Five Ways to Reduce Ethics and Compliance Risk

Your company’s good name and the trust of stakeholders are two of its most important assets. You can protect your company’s reputation and increase employee engagement by creating a workplace where ethical conduct is the norm. Reduce ethics risk by taking these five key steps:

  1. Honestly assess your needs and resources.
  2. Establish a strong foundation.
  3. Build a culture of integrity — from the top down.
  4. Keep a “values focus” in moments big and small.
  5. Re-evaluate and revise as needed.

Honestly assess your needs and your resources.

Successful businesses start with a good plan. So do successful ethics and compliance programs. In order to create a relevant and meaningful plan, you have to know the lay of the land. It’s important to know:

  • What ethics challenges are common in the work we do? In our workplace?
  • Where are our greatest areas of risk? Which groups of employees, locations, business units, etc. are potential “hot spots”?
  • What values are important to our company and its employees?
  • What values are necessary for our business, our work in particular?
  • What ethics and compliance resources will be most beneficial for employees? What vehicles of support (a phone line, an email, an individual or committee, internal social network, etc.) are likely to be most utilized and helpful?
  • In developing our code and values, which groups’ input is necessary? Who would be helpful? (For more information on this, see our resources on writing a code.)

See related blog post: Optimizing Risk Management Using Artificial Intelligence

Your program will only make a difference if you begin by having an accurate picture of existing strengths and areas of vulnerability. Risk assessment should be the starting point of your internal efforts, followed by gap analysis and program assessment. Audit reports are also an essential piece of the puzzle.

You can gather information in a variety of ways. Focus groups allow representative samples of the larger population to share their opinions and experiences; they provide a deep, rich “snapshot” of the state of ethics in your organization. Surveys (internal or conducted by a third party) provide the opportunity to gather information from a much larger group of your employees, to compare results and to analyze data by relevant subgroups (i.e., employee levels, departments, units, etc.).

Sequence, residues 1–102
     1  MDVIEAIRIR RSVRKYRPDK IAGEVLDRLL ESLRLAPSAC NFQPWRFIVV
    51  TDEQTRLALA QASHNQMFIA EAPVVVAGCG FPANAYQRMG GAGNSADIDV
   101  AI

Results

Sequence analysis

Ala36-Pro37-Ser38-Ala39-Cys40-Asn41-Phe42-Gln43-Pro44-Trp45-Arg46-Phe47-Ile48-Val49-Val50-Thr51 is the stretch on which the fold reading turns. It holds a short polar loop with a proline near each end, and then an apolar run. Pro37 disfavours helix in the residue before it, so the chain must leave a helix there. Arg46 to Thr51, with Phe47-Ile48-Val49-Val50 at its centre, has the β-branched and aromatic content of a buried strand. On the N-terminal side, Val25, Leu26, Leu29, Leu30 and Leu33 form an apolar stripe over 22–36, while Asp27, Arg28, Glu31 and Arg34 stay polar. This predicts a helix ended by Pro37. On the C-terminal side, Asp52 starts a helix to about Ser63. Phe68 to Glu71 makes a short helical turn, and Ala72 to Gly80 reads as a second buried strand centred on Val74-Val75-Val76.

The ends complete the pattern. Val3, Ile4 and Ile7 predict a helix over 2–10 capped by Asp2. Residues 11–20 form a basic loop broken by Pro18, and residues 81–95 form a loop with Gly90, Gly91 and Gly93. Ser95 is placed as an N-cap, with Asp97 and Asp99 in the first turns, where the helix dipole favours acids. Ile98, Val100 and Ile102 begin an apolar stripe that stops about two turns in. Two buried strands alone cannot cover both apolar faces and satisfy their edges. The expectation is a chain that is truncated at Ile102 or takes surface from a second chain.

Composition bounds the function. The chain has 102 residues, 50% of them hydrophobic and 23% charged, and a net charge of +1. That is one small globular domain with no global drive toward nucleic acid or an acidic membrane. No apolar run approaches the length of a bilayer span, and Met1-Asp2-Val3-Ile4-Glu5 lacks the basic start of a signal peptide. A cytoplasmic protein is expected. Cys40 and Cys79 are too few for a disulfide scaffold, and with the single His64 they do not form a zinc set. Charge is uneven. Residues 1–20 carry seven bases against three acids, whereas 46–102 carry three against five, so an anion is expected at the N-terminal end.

Establish a strong foundation.

Once you know your needs, you can put in place the resources to address them by establishing a robust ethics and compliance program.

The good news is that such a program makes a difference. As part of the 2011 National Business Ethics Survey®, the Ethics Research Center (ERC), the research arm of ECI, demonstrated that an ethics and compliance program is a powerful tool for reducing pressure to compromise standards and observations of misconduct; increasing employee reporting of observations that occur; and decreasing retaliation against whistleblowers. In essence, when a company commits resources to ethics, it makes a difference. Fewer employees feel pressured to break the rules and fewer misdeeds take place. When bad behavior does happen, employees tell management so the problem can be addressed internally.

This strong foundation consists of several elements key elements:

  1. Written standards of ethical workplace conduct (for more information on this, see our resources on writing a code).
  2. Training on the standards.
  3. Company resources that provide advice about ethics and compliance issues.
  4. A means to report potential violations confidentially or anonymously.
  5. Performance evaluations of ethical conduct.
  6. Systems to discipline violators.

Chapter 8 of the Federal Sentencing Guidelines for Organizations also calls for oversight by the governing authority, high-level personnel with overall responsibility for the program, and individuals with operational responsibility for the program.

But just having these elements is not enough. When it comes to ethical conduct and compliance, it’s not enough to “print, post and pray.” Implementation and integration matter.

Your ethics and compliance program must be vital, integrated element of your work and the way you do it, ensuring that employees know how to and feel supported in their efforts to uphold ethics and compliance standards in their work. The hallmarks of an effective ethics and compliance program are: